Fall Comes on Strong
by Steve Lambert
For a heightened sense of mortality,
piss blood for seven days.
Rot is prodigious, a more interesting form of survival
than, say, persistence.
Winter is fleeting here,
shakes you like a baby rattle.
Summer lingers like a bad cold, seeps into you.
Algae bloom, bacteria fester.
But as fall comes on, as the air crisps, it turns cherry red and viscous.
It’s not something that often happens
to men, the doctor says,
writes me a scrip for a ten-day cycle of antibiotics.
By late October, most of us are just into our cold weather delusions.
It gets below eighty and I’m looking for sleeves,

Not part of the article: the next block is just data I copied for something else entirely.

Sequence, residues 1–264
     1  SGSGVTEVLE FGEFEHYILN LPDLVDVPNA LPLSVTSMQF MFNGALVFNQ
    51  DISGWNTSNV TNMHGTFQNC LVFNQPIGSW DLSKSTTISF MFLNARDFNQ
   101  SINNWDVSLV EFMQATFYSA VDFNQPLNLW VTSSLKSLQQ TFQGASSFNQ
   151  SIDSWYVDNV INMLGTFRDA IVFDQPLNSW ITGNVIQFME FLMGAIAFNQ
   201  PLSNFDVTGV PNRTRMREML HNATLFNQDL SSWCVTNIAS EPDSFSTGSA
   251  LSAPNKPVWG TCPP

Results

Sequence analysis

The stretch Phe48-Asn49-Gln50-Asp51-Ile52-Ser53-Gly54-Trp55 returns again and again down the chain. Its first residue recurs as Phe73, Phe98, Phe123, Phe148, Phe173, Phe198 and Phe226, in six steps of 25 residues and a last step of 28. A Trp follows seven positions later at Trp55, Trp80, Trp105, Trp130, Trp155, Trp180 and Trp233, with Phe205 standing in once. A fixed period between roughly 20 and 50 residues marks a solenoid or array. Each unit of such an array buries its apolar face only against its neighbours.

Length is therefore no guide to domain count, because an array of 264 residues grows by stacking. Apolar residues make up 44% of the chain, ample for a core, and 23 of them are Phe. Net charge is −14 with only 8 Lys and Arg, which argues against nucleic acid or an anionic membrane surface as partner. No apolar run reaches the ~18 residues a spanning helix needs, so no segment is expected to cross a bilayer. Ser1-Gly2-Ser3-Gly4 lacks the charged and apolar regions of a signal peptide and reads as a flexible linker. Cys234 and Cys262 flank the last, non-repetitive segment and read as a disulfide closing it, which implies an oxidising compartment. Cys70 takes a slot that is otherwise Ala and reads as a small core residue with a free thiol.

people say. I throw away some of my boxers just in case,
and quit wearing shorts.
I’m out mowing the lawn the first discernible day of fall.
I inhale and get high on it.
It’s just like a beautiful woman passing by.
There isn’t a damn thing I can do about it.
It doesn’t hurt. But I don’t feel right.
Steve Lambert’s writing has recently appeared in Red Truck Review, The Gambler, Silver Apples Magazine (Ireland), The Cortland Review, MadHat Lit and Red River Review. He is a three-time finalist (and third-place winner) in contests held by Glimmer Train Stories, and has been nominated for Best of the Net. He lives in North Florida with his wife and daughter and is an MFA candidate at UTEP.